My grandfather worked as a carpenter from the time he was a teenage apprentice until a couple years before his death. I loved making projects with him, and he taught me a lot about woodworking. One of the most striking things about him was that he loved going to work. Whether it was remodeling a kitchen, making a custom bench, or repairing a deck, he loved it. He told me once that he never woke up and told himself that he didn’t want to go into work.
Reading the article, I feel lucky to be able to purse a career that makes me happy, seems to be in demand, and that I’ll want to wake up and go do. Sean’s five themes are as follows:
- the market doesn’t care what you love
- you must create value
- you must be adaptable
- you must learn how to sell
- you must be entrepreneural
Sean’s idea is not new. One scene from Office Space goes like this:
[Peter, Michael, and Samir are chatting as they hang around the printer]
Peter Gibbons: Our high school guidance counselor used to ask us what you’d do if you had a million dollars and you didn’t have to work. And invariably what you’d say was supposed to be your career. So, if you wanted to fix old cars then you’re supposed to be an auto mechanic.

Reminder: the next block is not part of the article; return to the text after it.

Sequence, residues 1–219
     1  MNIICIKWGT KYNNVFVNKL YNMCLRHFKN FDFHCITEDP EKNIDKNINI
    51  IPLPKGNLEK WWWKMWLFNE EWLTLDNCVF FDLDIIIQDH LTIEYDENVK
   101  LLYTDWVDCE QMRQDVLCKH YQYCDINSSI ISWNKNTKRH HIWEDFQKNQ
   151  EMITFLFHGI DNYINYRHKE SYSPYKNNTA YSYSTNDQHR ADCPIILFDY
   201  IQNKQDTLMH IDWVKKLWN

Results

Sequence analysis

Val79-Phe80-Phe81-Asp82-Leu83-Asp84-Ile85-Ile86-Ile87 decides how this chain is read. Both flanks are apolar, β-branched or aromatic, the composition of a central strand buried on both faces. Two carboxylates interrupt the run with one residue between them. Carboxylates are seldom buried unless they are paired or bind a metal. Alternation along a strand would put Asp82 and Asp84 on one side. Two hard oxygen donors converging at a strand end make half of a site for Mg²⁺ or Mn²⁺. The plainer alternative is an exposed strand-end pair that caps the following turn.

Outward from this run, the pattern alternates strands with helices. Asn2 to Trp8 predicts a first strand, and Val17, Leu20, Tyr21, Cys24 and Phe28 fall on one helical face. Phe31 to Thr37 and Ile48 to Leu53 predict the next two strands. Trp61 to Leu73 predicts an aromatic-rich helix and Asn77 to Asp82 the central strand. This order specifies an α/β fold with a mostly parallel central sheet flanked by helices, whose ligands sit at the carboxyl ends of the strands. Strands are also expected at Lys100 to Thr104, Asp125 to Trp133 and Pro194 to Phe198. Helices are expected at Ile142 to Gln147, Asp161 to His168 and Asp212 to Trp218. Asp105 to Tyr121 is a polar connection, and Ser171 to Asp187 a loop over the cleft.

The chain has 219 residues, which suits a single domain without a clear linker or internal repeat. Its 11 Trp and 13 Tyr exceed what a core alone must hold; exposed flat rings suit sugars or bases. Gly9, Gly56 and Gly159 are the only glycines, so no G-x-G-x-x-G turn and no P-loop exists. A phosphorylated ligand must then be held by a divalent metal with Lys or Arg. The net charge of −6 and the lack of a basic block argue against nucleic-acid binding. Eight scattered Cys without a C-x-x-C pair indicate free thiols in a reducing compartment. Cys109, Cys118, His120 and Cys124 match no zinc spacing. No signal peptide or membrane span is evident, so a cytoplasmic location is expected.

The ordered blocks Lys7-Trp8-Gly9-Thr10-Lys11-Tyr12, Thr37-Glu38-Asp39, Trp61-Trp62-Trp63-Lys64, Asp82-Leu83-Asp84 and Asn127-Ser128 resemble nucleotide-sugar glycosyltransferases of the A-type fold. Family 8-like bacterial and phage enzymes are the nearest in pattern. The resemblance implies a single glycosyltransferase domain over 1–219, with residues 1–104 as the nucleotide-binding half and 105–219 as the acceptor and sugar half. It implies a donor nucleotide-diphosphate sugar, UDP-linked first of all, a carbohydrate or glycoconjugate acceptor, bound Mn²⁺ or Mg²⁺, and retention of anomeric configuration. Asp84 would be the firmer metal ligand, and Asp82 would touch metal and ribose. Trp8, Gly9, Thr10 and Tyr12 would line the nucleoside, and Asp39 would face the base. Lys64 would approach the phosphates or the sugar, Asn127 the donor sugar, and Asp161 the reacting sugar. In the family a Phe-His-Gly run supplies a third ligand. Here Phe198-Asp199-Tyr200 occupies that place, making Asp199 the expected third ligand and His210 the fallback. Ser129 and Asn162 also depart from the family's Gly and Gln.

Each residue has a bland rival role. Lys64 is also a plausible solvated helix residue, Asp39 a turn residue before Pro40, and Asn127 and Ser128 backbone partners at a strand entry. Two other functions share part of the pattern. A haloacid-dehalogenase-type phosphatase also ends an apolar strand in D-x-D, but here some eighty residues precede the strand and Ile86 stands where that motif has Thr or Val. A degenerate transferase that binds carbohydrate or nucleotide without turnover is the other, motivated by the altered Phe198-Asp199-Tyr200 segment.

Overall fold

Samir: So what did you say?
Peter Gibbons: I never had an answer. I guess that’s why I’m working at Initech.
Michael Bolton: No, you’re working at Initech because that question is bullshit to begin with. If everyone listened to her, there’d be no janitors, because no one would clean shit up if they had a million dollars.
Samir: You know what I would do if I had a million dollars? I would invest half of it in low risk mutual funds and then take the other half over to my friend Asadulah who works in securities…
Michael Bolton: Samir, you’re missing the point. The point of the exercise is that you’re supposed to figure out what you would want to do if…
[printer starts beeping]
Michael Bolton: “PC Load Letter”? …
Interesting my grandfather’s generation probably looked more to apprenticeships when joining the workforce as that added a valued skill. My parents generation seemed to value job stability but may have lacked some in adaptability. My generation is trying to add value through education. Unfortunately, the more bachelor, graduate, and doctoral degrees produced, the less each is worth (supply and demand again).
Who knows, maybe Rich Dad Poor Dad will soon be required reading before entering college. Figuring out the best way to find happiness at the bazaar where we all swap time, money, and ideas has never been easy for any generation. I’d be happy to have a career like my grandfather and wake up ready to go to work each morning. Medicine has been great at that so far.